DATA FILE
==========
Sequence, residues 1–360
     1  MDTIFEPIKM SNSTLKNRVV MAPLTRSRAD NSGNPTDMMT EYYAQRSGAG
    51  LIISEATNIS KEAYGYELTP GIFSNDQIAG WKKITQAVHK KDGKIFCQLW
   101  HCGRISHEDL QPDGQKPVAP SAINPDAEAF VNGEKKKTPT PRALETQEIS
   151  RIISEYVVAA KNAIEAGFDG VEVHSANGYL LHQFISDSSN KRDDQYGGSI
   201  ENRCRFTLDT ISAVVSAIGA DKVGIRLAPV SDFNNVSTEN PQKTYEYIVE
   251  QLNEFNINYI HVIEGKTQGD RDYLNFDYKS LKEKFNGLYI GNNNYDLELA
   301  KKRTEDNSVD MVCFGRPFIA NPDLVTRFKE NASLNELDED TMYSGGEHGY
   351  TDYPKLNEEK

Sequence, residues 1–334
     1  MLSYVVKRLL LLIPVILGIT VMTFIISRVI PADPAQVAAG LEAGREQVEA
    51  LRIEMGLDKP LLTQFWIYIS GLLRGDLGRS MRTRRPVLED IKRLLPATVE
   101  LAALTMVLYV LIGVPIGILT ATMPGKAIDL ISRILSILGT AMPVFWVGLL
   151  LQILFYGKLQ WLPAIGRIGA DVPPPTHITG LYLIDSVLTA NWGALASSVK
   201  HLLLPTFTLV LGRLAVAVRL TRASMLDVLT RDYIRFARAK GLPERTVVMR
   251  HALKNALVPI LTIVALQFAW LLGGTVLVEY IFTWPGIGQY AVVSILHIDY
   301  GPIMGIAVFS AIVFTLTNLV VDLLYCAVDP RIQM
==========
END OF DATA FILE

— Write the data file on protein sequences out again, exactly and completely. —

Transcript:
Sequence, residues 1–360
     1  MDTIFEPIKM SNSTLKNRVV MAPLTRSRAD NSGNPTDMMT EYYAQRSGAG
    51  LIISEATNIS KEAYGYELTP GIFSNDQIAG WKKITQAVHK KDGKIFCQLW
   101  HCGRISHEDL QPDGQKPVAP SAINPDAEAF VNGEKKKTPT PRALETQEIS
   151  RIISEYVVAA KNAIEAGFDG VEVHSANGYL LHQFISDSSN KRDDQYGGSI
   201  ENRCRFTLDT ISAVVSAIGA DKVGIRLAPV SDFNNVSTEN PQKTYEYIVE
   251  QLNEFNINYI HVIEGKTQGD RDYLNFDYKS LKEKFNGLYI GNNNYDLELA
   301  KKRTEDNSVD MVCFGRPFIA NPDLVTRFKE NASLNELDED TMYSGGEHGY
   351  TDYPKLNEEK

Sequence, residues 1–334
     1  MLSYVVKRLL LLIPVILGIT VMTFIISRVI PADPAQVAAG LEAGREQVEA
    51  LRIEMGLDKP LLTQFWIYIS GLLRGDLGRS MRTRRPVLED IKRLLPATVE
   101  LAALTMVLYV LIGVPIGILT ATMPGKAIDL ISRILSILGT AMPVFWVGLL
   151  LQILFYGKLQ WLPAIGRIGA DVPPPTHITG LYLIDSVLTA NWGALASSVK
   201  HLLLPTFTLV LGRLAVAVRL TRASMLDVLT RDYIRFARAK GLPERTVVMR
   251  HALKNALVPI LTIVALQFAW LLGGTVLVEY IFTWPGIGQY AVVSILHIDY
   301  GPIMGIAVFS AIVFTLTNLV VDLLYCAVDP RIQM